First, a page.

Decisions Developed in 2018

January 21, 2018

Dedmon v. Steelman, 2017 Tenn. LEXIS 720 (TN 2017). This decision held that the definition of “reasonable charges” for hospital services under the Tennessee Hospital Lien Act does not apply in personal injury cases. Therefore, plaintiffs are free to submit evidence of the injured party’s full undiscounted medical bills as proof of reasonable medical expenses. Defendants were precluded from submitting evidence of discounted rates accepted by medical providers as a result of insurance, but were free to submit any other competent evidence to rebut plaintiff’s proof on the reasonableness of the medical expenses as long as the proof does not contravene Tennessee’s collateral source rule. Suggested by Christina Tapia. 

February 1, 2018

Otero County Hospital Association, Inc., Quorum Health Resources, LLC, 2018 Bankr. LEXIS 244 (United States Bankruptcy Court for the District of New Mexico, 2017). The Court defined a life care plan as follows:

A life care plan is a dynamic document, based on extensive data analysis and research. A life care plan provides information regarding a patient's current and future needs and associated costs relating to a person's injury. To create a life care plan, a life care planner takes a comprehensive review of the patient's medical records and interviews the patient. A physical exam of the patient is also performed. Based on this review, the life care planner creates a life care plan that assesses the patient's current and long-term needs, including physician follow up exams, diagnostic tests, pain intervention needs, medications, medical devices, home assistance needs, and any anticipated home modifications.

February 12, 2018

Lee v. Overbey, 2009 U.S. Dist. LEXIS 138766 (W.D. AR 2009).  Federal Judge Robert T. Dawson had allowed Dr. Stan V. Smith to testify about loss-of-life damages and Dr. Gary Skoog had been proffered by defense as a rebuttal witness. The Plaintiff moved to exclude Skoog’s testimony. Judge Dawson interpreted Dr. Skoog’s report and deposition testimony to have argued that “it is improper to utilize loss-of-life damages as compensation in litigation.” Judge Dawson granted Plaintiff’s motion to preclude Skoog from expressing his opinions regarding whether loss-of-life damages should be recoverable under Arkansas law, but allowed Skoog to testify in opposition to the methodology used by Smith to arrive at loss-of-life damages. Note: This memorandum was apparently published the first time on LEXIS in February of 2018.  

Fielder v. J. V. Coleman Trucking, Inc., 2018 U.S. Dist. LEXIS 13812 (N.D. WV 2018). This order is the response of Federal Judge Frederick P. Stamp, Jr., to a number of motions in limine posed by both the Plaintiff and the Defendant. A Defense motion challenged the calculations of Dr. Clifford B. Hawley for Jason Fielder’s “lost household services.” The order noted that “the loss of ability to perform household services constitutes the loss of a customary activity and is not subject to calculation as a matter of law.” It criticized Hawley’s calculations as “unreliable as they are based entirely upon generalized data not specific to the plaintiff.” This challenge to Hawley’s testimony was rendered moot because the Plaintiff had agreed not to elicit any opinions from Hawley regarding the economic value of Fielder’s loss of household services. The order indicated that the Plaintiff would, however, elicit testimony from Mr. Fiedler, his wife and other potential witnesses regarding Mr. Fiedler’s loss of household services and “will ask the jury to award an appropriate amount for those losses.”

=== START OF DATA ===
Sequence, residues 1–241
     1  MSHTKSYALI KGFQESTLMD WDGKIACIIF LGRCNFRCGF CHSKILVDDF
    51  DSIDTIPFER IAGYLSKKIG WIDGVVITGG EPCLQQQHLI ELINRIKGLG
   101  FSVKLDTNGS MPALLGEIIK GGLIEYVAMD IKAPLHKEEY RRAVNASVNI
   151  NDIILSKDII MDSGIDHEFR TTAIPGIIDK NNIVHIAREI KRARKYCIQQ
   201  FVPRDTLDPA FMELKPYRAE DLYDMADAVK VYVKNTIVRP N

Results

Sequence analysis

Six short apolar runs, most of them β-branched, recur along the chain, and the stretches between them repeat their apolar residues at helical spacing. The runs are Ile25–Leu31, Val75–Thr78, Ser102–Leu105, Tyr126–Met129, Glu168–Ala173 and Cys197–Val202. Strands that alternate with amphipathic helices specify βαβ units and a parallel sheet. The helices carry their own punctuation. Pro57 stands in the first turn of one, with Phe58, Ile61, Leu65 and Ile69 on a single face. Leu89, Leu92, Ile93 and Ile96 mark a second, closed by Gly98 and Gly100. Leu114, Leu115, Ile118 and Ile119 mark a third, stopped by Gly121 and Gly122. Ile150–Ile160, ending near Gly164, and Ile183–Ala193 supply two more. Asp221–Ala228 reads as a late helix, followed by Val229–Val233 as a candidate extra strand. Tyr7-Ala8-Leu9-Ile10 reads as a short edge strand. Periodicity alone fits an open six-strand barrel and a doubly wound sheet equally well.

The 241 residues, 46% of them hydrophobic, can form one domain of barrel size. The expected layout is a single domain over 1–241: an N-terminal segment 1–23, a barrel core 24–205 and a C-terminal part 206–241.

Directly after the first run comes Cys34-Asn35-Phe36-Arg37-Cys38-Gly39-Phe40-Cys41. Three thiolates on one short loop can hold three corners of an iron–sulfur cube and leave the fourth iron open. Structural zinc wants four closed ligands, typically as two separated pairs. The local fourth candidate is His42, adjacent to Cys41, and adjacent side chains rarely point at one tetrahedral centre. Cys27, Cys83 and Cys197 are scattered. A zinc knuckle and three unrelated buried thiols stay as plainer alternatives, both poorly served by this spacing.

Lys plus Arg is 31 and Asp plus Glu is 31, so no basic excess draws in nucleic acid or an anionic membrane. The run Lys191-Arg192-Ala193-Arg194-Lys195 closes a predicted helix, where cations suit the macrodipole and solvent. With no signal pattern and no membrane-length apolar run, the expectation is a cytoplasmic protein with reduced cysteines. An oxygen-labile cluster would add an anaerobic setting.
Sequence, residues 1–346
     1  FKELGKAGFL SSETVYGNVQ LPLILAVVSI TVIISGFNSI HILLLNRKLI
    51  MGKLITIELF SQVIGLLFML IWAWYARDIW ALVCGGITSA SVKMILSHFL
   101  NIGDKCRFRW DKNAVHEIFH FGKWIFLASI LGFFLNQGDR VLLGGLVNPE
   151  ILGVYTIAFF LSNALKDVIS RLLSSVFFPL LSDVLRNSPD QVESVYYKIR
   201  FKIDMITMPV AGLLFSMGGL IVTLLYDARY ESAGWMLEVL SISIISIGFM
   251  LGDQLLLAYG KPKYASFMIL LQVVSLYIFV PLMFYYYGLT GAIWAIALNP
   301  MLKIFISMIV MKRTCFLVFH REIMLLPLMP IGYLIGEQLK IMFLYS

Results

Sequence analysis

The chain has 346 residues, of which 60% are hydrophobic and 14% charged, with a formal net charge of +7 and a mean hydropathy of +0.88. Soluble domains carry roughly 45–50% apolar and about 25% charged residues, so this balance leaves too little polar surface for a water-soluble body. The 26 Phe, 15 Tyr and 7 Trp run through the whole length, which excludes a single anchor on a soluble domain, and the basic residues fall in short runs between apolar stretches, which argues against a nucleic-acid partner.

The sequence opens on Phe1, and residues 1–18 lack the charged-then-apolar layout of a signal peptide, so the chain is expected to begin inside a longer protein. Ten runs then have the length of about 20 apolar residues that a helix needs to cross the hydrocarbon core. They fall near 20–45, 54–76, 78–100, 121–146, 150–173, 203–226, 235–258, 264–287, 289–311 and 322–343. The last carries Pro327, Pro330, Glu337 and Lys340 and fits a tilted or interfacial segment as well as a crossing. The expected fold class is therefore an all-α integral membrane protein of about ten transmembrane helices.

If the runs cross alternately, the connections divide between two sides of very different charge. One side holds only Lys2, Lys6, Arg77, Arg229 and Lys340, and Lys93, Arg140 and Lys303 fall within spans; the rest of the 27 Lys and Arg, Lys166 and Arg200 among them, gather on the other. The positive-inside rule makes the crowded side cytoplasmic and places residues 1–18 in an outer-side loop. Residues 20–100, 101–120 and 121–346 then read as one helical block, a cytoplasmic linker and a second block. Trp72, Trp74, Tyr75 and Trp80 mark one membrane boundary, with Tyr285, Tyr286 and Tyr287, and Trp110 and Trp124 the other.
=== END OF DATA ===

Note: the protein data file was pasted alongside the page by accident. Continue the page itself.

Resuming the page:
Rascon v. Brookins, 2018 U.S. Dist. LEXIS 20088 (D. AZ 2018). This order of Federal Judge John J. Tuchi allowed the testimony of Dr. Stan V. Smith’s calculations on loss of future earnings were admissible, but his opinons with respect to loss of life or loss of value of life in this wrongful death action were not admissible. Judge Tuchi discussed the Ninth Circuit decision of Dorn v. Burlington N. Santa Fe R.R. Co., 397 F.3d 1183, 1195 (2005) and said:

The Court agrees with the Ninth Circuit's evaluation that Dr. Smith's quantification of hedonic damages does not accurately project the value people place on the enjoyment of life, but rather an altered figure that could reflect many different government policy judgements. Further, even if the figure only reflected what the public spends out of its own pockets on safety devices, this spending "is probably influenced as much by advertising and marketing decisions made by profit-seeking manufacturers . . .as it is by any consideration by consumers of how much life is worth." Smith v. Jenkins, 732 F.3d 51, 66-67 (1st Cir. 2013) (quoting Mercado, 974 F.2d at 871). The Court finds that Dr. Smith's calculations are too speculative and unconnected to how an individual values their life and is therefore not sufficiently tied to the facts of the case and is unhelpful to the jury in determining the "loss of value of life". Under Rule 702, Dr. Smith's "loss of value of life" testimony is inadmissible. See, e.g., Daubert, 509 U.S. at 591 ("scientific validity for one purpose is not necessarily scientific validity for other, unrelated purposes"); Ayers v. Robinson, 887 F. Supp. 1049, 1064 (N.D. Ill. 1995) (ruling, after an extensive analysis of the methodology involved, that Dr. Smith's testimony failed to survive Daubert analysis and was unhelpful to the jury).